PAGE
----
A performance by a French-Canadian troupe will open the 16th Seoul International Dance Festival (SIDance), the nation’s largest annual dance bash, which kicks off Oct. 7.
One of the most reputable genre showcases here, the event is presented by the local section of the International Dance Council CID-UNESCO. A total of 51 dance companies from 16 countries will present 51 works including some collaborations.
For the festival’s opening performance, French-Canadian company Cas Public will present “Variations S,” a stylish variation of Stravinsky’s “Rite of Spring” that premiered in 2010.
“The dance takes several themes derived from ‘Rite of Spring’ such as spring and sacrifice, which are much related to the youth,” said SIDance organizers.
“The piece focuses on the youth and children going through that ever-so-sensitive period in life.”
|A scene from a work created by Korean choreographer Nam Young-ho. (SIDance)|
The Canadian troupe is also presenting its 2012 work “Duels,” which consists of 15 pairs of dancers, playing roles such as a master encountering a student and a singer meeting a dancer, among others. “The performance deals with a series of unique encounters,” SIDance organizers said.
“There are stories hidden in each duo’s encounter and confrontation. In contrast to the generally minimal set design and lighting, the performance is powerful yet delicate, captivating the audience.”
Other notable performances include “The Sea” by Norwegian troupe Ingun Bjornsgaard Prosjekt. Based on famed Norwegian playwright Henrik Ibsen’s work “The Lady from the Sea,” the piece moves between comedy and tragedy while exploring the theme of ambiguous femininity ― a long-held interest of the artist.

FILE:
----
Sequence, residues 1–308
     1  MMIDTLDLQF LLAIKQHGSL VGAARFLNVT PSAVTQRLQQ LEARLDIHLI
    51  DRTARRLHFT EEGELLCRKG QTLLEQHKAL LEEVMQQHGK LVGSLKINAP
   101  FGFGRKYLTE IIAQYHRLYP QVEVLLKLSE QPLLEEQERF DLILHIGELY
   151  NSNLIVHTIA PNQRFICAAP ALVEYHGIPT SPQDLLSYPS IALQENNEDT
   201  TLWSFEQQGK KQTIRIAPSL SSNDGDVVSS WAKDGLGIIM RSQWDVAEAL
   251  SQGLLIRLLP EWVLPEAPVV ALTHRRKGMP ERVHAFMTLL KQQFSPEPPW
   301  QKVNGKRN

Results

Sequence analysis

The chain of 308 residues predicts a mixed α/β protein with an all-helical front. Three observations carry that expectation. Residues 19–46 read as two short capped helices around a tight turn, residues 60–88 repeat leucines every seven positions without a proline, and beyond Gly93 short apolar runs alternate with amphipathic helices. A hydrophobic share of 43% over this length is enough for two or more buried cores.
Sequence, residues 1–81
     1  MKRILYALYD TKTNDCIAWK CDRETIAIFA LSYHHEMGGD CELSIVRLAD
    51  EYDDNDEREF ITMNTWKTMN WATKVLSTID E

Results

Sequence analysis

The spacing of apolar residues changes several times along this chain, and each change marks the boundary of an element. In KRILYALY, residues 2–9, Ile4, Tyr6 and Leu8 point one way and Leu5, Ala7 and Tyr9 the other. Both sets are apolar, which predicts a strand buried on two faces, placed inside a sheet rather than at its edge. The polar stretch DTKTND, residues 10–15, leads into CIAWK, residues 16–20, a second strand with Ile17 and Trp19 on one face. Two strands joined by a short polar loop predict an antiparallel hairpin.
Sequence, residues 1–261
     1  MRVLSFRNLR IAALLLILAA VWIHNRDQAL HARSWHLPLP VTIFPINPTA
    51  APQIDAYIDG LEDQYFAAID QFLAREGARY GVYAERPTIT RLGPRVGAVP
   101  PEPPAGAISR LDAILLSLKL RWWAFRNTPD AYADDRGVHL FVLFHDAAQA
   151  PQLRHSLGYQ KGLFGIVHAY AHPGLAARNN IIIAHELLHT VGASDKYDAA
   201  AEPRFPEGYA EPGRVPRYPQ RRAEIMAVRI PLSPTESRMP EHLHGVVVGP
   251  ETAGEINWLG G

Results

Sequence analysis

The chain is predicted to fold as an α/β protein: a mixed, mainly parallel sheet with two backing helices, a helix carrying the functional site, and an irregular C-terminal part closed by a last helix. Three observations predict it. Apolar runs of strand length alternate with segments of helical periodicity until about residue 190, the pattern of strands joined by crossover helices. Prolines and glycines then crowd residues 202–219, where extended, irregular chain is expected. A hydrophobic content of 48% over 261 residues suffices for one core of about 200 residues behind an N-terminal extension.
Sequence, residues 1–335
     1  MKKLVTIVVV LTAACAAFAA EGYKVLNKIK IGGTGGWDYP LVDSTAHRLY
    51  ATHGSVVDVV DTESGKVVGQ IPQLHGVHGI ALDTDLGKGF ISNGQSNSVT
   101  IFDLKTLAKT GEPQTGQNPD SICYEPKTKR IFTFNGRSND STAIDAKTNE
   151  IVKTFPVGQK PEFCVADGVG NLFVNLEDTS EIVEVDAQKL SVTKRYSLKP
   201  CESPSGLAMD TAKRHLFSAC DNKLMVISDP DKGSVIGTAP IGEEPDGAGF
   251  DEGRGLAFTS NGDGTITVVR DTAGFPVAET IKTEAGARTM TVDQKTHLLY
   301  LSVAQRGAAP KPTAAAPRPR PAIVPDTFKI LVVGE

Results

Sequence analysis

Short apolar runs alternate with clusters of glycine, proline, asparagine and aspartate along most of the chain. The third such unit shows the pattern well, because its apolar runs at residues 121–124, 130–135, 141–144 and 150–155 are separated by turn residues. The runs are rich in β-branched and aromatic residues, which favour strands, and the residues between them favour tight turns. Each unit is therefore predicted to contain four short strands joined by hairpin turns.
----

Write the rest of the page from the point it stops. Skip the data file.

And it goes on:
“Ingun Bjornsgaard is without question one of Norway’s leading choreographers of the past 20 years,” SIDance organizers said. “The dance draws remarkable balance between the illustrative aspects of theater and abstract dance.”
Korean choreographer Nam Young-ho, on the other hand, will present the world premiere of “Moon Jar” with this troupe La Coree’graphie. The Korean-born, France-based choreographer has long been fascinated with the moon jar, a type of traditional Korean white porcelain that was made during the late 17th through 18th century. Simple in shape and color, the jar is largely known as the epitome of humble Confucian taste.
The jar’s name originates from the porcelain’s round shape and milky white color of the glaze that are reminiscent of a full moon.
The dance “Moon Jar” has been inspired by the traditional Korean porcelain and what it is known for: the humbleness, the lack of self-consciousness, and the beauty of slight imperfections ― the jar does not make a perfect round circle; its round shape is ambiguous and flawed.
A number of Korean choreographers are presenting their works during the upcoming edition of SIDance, in collaboration with overseas artists. The closing performance, for one, is a collaborative work created by Germany-based Korean choreographer Jun In-jung and Australian jazz drummer Simon Barker. Their piece, “Gateless Gate,” is said to combine traditional Korean music with contemporary dance movements.
“It will be a captivating, improvisational performance with primitive and mysterious qualities,” SIDance organizers said.
This year’s SIDance runs from Oct. 7 to 27 at Gangdong Arts Center, Seoul Arts Center and Goyang Aram Nuri Arts Center. For tickets and the full lineup, call (02) 3216-1185.
By Claire Lee (email@example.com